Alameda Reads: Helping Adults Reach Literacy

One-on-one tutoring.

Imagine life if you couldn't read a driver's license test, help a child with first grade homework or fill out a job application. Alameda Reads, a program of the Alameda Free Library, helps local residents overcome problems like these.

The program is in the news because the nonprofit , recently voted to donate $10,000 to the literacy program, helping close a gap left by cuts in funding from the California State Library and keeping the program alive at least through the end of 2011. (More about the program's budget crisis here.)

Alameda Reads assists anyone age 18 and older. There are currently 50 learners in the program, ranging in age from 19 to 85. Participants must have mastery of English — the program is not set up for people learning English.

Learners receive help with reading, writing, critical thinking and goal- setting. Some come to the program because they have an undiagnosed learning disability, others dropped out of school.

“Many were failed by a school system at some point in their life that just passed them through,” said Sue Mark, the literacy program director.

For many, it requires courage to sign up and ask for help. "People often reach a point where they realize something needs to change and only then do they call us," Mark said.

“Right now we are seeing a lot of long-term unemployed people or people who only can find temporary jobs. They are coming to us because they see they need help to be competitive.”

Some of the practical life skills learners need assistance in mastering include filling out medical forms; passing a driving test; filling out job applications; reading a bus map; passing a General Education Degree exam; voting; or helping children with homework. Some need help with the alphabet.

Although some people in the program have learning disabilities, Mark said Alameda Reads does not test or diagnose them. Instead, it offers customized tutoring geared to individual participants and their learning styles.

“This one-on-one tutoring has a strong domino effect,” Mark said. She said learners gain confidence that can lead to all kinds of positive change in their lives.

Tutors are at the heart of the program

Currently the program has 40 volunteer tutors, and 14 more will be trained soon.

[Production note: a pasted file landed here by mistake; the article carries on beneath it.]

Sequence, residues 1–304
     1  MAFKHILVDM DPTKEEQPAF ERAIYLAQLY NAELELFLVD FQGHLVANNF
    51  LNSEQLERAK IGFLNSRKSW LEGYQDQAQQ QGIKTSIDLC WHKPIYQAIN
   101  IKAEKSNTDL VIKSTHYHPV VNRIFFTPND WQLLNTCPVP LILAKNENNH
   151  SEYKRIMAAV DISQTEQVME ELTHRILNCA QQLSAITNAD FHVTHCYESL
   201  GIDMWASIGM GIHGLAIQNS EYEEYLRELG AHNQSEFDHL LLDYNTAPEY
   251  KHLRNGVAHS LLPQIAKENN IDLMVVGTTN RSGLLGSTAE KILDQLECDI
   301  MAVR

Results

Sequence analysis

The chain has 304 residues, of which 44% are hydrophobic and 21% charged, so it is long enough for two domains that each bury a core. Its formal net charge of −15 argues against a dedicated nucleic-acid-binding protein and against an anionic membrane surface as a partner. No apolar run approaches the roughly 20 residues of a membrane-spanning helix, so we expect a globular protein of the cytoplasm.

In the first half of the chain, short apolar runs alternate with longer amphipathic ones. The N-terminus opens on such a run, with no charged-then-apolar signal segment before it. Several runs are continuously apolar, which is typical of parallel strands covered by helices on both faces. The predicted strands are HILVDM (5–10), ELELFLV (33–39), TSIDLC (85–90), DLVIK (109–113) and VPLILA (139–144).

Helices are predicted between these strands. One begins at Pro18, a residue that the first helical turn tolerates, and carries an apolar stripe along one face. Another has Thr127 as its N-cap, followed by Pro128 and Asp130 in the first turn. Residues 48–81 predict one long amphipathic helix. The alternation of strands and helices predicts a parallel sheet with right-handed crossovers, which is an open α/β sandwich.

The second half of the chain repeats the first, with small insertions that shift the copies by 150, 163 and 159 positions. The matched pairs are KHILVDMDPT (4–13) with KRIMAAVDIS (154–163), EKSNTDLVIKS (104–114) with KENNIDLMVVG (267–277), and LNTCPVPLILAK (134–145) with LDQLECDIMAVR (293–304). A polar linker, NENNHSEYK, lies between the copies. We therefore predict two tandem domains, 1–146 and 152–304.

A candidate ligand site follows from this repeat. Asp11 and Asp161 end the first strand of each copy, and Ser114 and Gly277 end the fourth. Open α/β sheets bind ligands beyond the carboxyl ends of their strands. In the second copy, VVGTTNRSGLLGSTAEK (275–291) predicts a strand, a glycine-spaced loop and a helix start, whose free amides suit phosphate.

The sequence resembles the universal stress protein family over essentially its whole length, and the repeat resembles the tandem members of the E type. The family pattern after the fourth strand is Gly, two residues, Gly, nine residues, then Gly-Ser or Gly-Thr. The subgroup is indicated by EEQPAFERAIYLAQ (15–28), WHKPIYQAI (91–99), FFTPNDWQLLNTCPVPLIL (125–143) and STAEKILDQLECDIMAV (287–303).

Tutors commit to a 12-hour training and agree to tutor someone for at least six months. Tutoring sessions are held at the main library, at the Alameda Reads office or in cafes. Literacy training is available seven days a week.

Mark meets with prospective learners before they come into the program to help identify their needs. 

Program is more than just one-on-one tutoring

Alameda Reads also offers small-group classes, including a book club, a class on how to read the newspaper and another one on how to set goals and budget time. 

Increasing visibility to highlight program's importance

“If the literacy program were to end,” said Mark, “it would be a significant loss. There is no other place for adult learners to get supportive, confidential one-on-one free tutoring.”

To increase the program’s visibility, Mark recently celebrated International Literacy Day on Sept. 8 by inviting the public to create a “Window of Words” on the library’s window. The event was supposed to last one day, but was so popular it continued over an entire week. Visitors wrote their favorite words on sticky notes and posted them on the window. A couple of hundred words were received.

Informational panels have been sprinkled around the main library's second floor. They highlight the many reasons people seek out the literacy program. The displays will remain up through early October.

“We fill an important void,” said Mark.  

Alameda Reads accepts monetary donations from the general public. Checks may be made payable to "Alameda Reads" and sent to its office at 2203 Central Ave., Room 350 Alameda, CA 94501. For more information, email alamedareads@ci.alameda.ca.us or call 510-865-2454. 


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